Seasonal Eats.

The value of eating locally and seasonally seems to be gaining momentum in the culinary world. However, what does it take to truly eat seasonally. Are you patient enough to wait until July or August for your first tomato? Can you put off picking or buying fresh berries until summer time? Are you okay with subsisting on mostly white-fleshed fresh vegetables all winter long? This has now become our way of eating on our homestead, and was the way of eating for many, many years prior to grocery stores. If you were to visit our home, we'd proudly tell you the source of each vegetable or piece of meat, typically saying a short grace or thanks before a meal, to further acknowledge the gratitude we have for wholesome food. We deeply root ourselves in the seasons and honor the changes that our environment and body, as they are one in the same, go through in a full year.

Eating deeply with the seasons was not something that came overnight. Through practice and discipline, I would venture to say that about 75% of our diet now comes from local, seasonally appropriate foods. We subsist mainly on foods we've put up ourselves, or purchased from fellow farmers. This way of life has been deeply nourishing and immensely grounding.

It's currently early March and we are fortunate enough to still have a wide variety of foods that we ourselves have put up. In our previous farm rental we were able to store foods in a mouse-proof shelving unit in our basement. This was a fairly consistent temperature, although if it got below zero, we would bring each bit of food up, box by box, into our cool spare bedroom. Once temperatures went back above zero, we would cart each box back into the basement again. While cumbersome, the overall storage of our root crops was good and long-lasting.

The transition in our new home has provided a less consistent temperature in our “root cellar.” However, the vegetables that are stored in our “root cellar” are still holding up as we enter the beginning of March. Our current remaining storage crops are red and yellow onions, purple top turnips, leeks, a variety of potatoes, garlic, and winter radishes. We ran out pretty quickly of carrots, winter squashes, and beets, acknowledging that we need to grow far more of these in the future. On top of produce we have many canned items, including salsas, stewed tomatoes, fruit jams, BBQ sauce, ketchup, picallilli, some canned fruits in light syrup, and tomato juice. In our pantry we store our own dried mushrooms, a variety of dried beans, wheat berries, rye berries, flint corn, amaranth, and black walnuts. Each year we also purchase or raise some meat to store in our freezer. We've raised pigs and meat birds ourselves, but also have purchased from a friend who raises pigs each year. This year we are taking a break from pork and hoping to purchase/barter a ¼ cow from Village Roots Permaculture. Our freezers also contain lots of frozen berries we harvest in the summer months, green beans, tomatoes, edamame, brussel sprouts, and shelled peas.

In general, we are able to eat a fairly well-balanced diet in the winter months, consisting of lots of soups, stews, and roasted meats and vegetables. The time and care we take in the summer months, to put up food for ourselves, has become a requirement in feeding ourselves a good amount of the year.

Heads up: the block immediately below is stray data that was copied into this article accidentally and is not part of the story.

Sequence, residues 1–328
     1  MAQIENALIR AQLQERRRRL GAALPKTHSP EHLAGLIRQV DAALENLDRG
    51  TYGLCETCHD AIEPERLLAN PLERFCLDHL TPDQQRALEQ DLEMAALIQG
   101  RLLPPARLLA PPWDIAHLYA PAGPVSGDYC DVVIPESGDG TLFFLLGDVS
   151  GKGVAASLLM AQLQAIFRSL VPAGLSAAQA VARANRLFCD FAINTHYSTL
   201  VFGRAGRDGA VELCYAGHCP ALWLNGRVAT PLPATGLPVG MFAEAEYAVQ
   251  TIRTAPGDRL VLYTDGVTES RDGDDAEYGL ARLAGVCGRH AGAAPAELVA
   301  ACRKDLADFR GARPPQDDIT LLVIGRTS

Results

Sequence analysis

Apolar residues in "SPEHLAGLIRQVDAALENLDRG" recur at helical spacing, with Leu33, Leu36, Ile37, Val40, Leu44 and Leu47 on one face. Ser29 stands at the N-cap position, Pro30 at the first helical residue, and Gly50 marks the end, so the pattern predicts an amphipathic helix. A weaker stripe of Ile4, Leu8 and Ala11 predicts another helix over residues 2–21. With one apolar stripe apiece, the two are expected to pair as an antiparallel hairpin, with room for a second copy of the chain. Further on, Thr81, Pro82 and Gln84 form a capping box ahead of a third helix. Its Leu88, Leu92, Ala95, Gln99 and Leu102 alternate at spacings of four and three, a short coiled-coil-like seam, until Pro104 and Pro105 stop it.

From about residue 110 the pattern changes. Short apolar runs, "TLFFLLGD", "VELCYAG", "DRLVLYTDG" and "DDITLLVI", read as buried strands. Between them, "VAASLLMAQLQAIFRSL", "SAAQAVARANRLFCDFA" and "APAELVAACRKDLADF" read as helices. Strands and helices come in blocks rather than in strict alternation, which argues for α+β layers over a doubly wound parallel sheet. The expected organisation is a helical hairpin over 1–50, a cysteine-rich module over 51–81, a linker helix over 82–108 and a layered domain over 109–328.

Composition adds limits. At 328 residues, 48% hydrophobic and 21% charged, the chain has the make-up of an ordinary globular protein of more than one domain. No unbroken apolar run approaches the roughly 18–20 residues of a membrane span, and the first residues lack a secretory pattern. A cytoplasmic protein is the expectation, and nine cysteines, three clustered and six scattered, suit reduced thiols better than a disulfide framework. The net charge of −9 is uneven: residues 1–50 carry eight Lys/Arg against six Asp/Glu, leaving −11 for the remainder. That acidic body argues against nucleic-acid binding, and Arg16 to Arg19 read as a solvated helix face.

Together, we've acknowledged the food items we are currently having to buy from the local Co-Op. Mainly, nuts and grains, in one form or another. We thankfully can source local dairy, although have yet to find a local producer of butter. Our hens are laying about 8 months of the year. We render our own lard every few months, but find that some oils still need to be bought for specific recipes. Sugar is also an item we still purchase, but do try to use local maple syrup and our own honey as much as possible.  

We continue to purchase wine and beer, although have increased the number of beverages we make ourselves. We have used local apple cider to bottle our own hard cider. We have also put up a variety of wines with local fruit, including Rhubarb, Grape, Autumn Olive, Dandelion, and Black Currant. We brew our own kombucha, but do have to purchase black tea to brew with.

All said and done, what we are able to provide for ourselves continues to impress me. I also find a lot of value in supporting fellow farmers and not trying to do it all ourselves. I feel grateful to the dairy farmers where we've gotten our raw milk over the past 4 years. I have a lot of respect for the cheese makers and will continue to support their work. I value the local breweries and cideries. There is a lot to be said about reaching out to your village, knowing the value in what you do, while respecting the value of what others do. I hope to continue to form those relationships with others in our community, knowing that as much as we nourish ourselves, they nourish us in a countless ways as well.

Ideas on where to begin putting up food for yourselves.

Tomatoes. We all love 'em and diced/stewed are a common staple in most pantries. Grow 'em and learn to can 'em

Find a farmer with chickens, or a portion of cow or pig for sale. Freeze the meat to choose from throughout the winter.

Jam. Wild-harvest or find an organic u-pick farm. Becoming in touch with the amount of energy that goes into 1 can of jam provides a new perspective for this delicious condiment.

Grow dried beans. Dried beans are a delight to harvest, and a joy to hold a jar of your very own kidney beans. They are also incredibly delicious.

Potatoes. A little row can put up a lot of food. Plus, they keep well!

Local Raw Milk. Find a dairy farmer, if you're fortunate enough to have one nearby, buy their milk. Raw whole milk provides countless benefits for the human body, while often milk is picked up in reusable glass jars, reducing waste.

Join a CSA. The most supportive avenue to local food. Connecting members with the seasonal abundance of foods.